Insight

Shortly after the fulfillment of the Republican “Contract With America,” I spoke on a panel assessing the first 100 days of the 104th Congress. The gathering was a Washington meeting of charter members of GOPAC, the Republican candidate-recruitment and training organization closely associated with House Speaker Newt Gingrich.

The charter members, as you might expect, are heavy contributors to the organization, which deserves a substantial measure of credit for the success over the years not only of GOP congressional candidates but also of Republican candidates at the state level. The GOP has done an extraordinary job of recruiting more and better-qualified candidates for office in recent years and providing them with ammunition on how best to get their message out; GOPAC has been central to that effort.

Thus the members are highly committed and have seen remarkable indications of their success – most visibly, obviously, in the ascendancy of Gingrich to the speakership. As a group, the members clearly are de-voted to Gingrich as their political hero. While this group is conservative in conventional political terms, it also is animated by the speaker’s unquenchable enthusiasm for the future.

I give this background because I was genuinely surprised by the question-and-answer period, the recurring theme of which was: Why do we have to vote to repeal the ban on assault weapons? This was something many in the audience did not want to see happen – some out of a personal conviction that such weapons are bad news, others perhaps agnostic on the issue but worried about the political fallout.

Now, I fancy myself a student of conservative politics and have even made something of a gleeful subspecialty over the years explaining its outlines to befuddled liberals, who tend to be clueless about the train that is in the process of running over them. They have a vague impression of knuckle-dragging Neanderthals with guns and Bibles, and that’s about it. So I often have found myself explaining that conservatives come in all shapes and sizes and have divergent views on a wide range of subjects. Still, I would not have guessed that so many people in the GOPAC audience would come out where they apparently did on guns.

The issue of the so-called assault-weapons ban is now more or less off the table, but it will be back. And I’m sorry to say that I don’t think my answer to the GOPAC audience did much to dispel their concerns on the issue. I thought I’d better try it again, because the issue is important and actually has very little to do with guns.

Practical politics is coalition politics, and what the GOP is undertaking – with much success to date but with no assurance yet of victory – is the creation of a coalition-based electoral majority to supplant permanently the FDR/New Deal Democratic coalition that dominated American politics for about 60 years. That FDR/New Deal coalition was a wondrous thing to behold. You recall the GOP “big tent.” How about a tent so big it includes blacks and Southern segregationists, urban ethnics and Midwestern farmers straight out of “American Gothic.” Now that was a tent.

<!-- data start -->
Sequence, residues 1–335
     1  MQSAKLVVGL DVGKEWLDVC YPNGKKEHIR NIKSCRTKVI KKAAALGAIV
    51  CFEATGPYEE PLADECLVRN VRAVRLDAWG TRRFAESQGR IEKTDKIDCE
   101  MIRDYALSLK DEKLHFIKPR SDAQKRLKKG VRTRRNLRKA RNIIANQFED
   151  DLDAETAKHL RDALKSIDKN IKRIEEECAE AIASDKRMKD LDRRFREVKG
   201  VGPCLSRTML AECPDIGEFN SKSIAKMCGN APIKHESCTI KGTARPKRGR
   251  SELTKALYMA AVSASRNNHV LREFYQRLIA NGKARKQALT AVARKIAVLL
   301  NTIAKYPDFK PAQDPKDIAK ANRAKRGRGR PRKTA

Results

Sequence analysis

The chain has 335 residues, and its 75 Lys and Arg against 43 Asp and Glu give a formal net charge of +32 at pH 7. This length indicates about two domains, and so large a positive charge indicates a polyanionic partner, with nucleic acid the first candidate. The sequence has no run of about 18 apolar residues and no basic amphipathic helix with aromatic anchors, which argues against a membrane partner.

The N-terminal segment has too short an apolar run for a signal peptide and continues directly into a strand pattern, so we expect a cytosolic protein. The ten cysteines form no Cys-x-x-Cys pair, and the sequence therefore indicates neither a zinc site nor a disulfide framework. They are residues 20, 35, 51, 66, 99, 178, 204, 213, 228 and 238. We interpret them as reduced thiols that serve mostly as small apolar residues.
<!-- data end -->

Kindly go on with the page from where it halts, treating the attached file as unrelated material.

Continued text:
Coalition politics works like this: Each member organization or group has its own particular concerns ranging from things about which it feels very strongly to things about which it is lukewarm to things that it’s against. Members agree that they will support each other vigorously wherever they can – that is, whenever support does not offend a basic principle.

Consider the Christian Coalition and the Contract With America. It’s fair to say that tort reform, an element of the contract, is not exactly the top issue in the hearts of the 1.6 million active members of the Christian Coalition. But the Christian Coalition emphatically does not stand silent on tort reform. It supports it to the hilt – because there is no reason not to and because there are elements in the contract, such as the family tax credit, that are major issues for the group. The tort-reform people, in turn, support the family tax credit.

In addition, the Christian Coalition has some ideas of its own it wants to advance in the not-too-distant future. They will come together under the “Contract with the American Family.” The Christian Coalition will hope for as much support for the provisions of its contract from other coalition members as the Christian Coalition provides them on their issues.

Uh-oh. But what about the more controversial elements on each group’s agenda? What about a constitutional amendment to ban abortion? And what about that vote to repeal the assault-weapons ban that is so important to the National Rifle Association, another coalition member? This is, of course, the deadly proving ground of coalition politics. If you want an example of a coalition breaking apart because of such an issue, look at what is happening to the Democrats over affirmative action. The black leadership establishment is absolutely unwilling to accept any change in the status quo; yet the status quo is poison for the so-called “Reagan Democrats,” who are being offered a real alternative by Republicans. From the other side, this is very amusing to watch.

The answer is that each group has a responsibility to be responsible – to recognize that its maximum wishes are beyond the power of the coalition to deliver, and therefore not to insist on them.

A constitutional amendment to ban abortion is not a part of the Contract with the American Family. A religious-freedom amendment is. That’s different. Similarly, the NRA was perfectly prepared to go along with a postponement of the assault-weapons vote, because the political climate in the wake of the Oklahoma City bombing was not propitious for such a vote.

In coalition politics, members are interested not just in making a point. They are interested in winning. Splitting equals losing.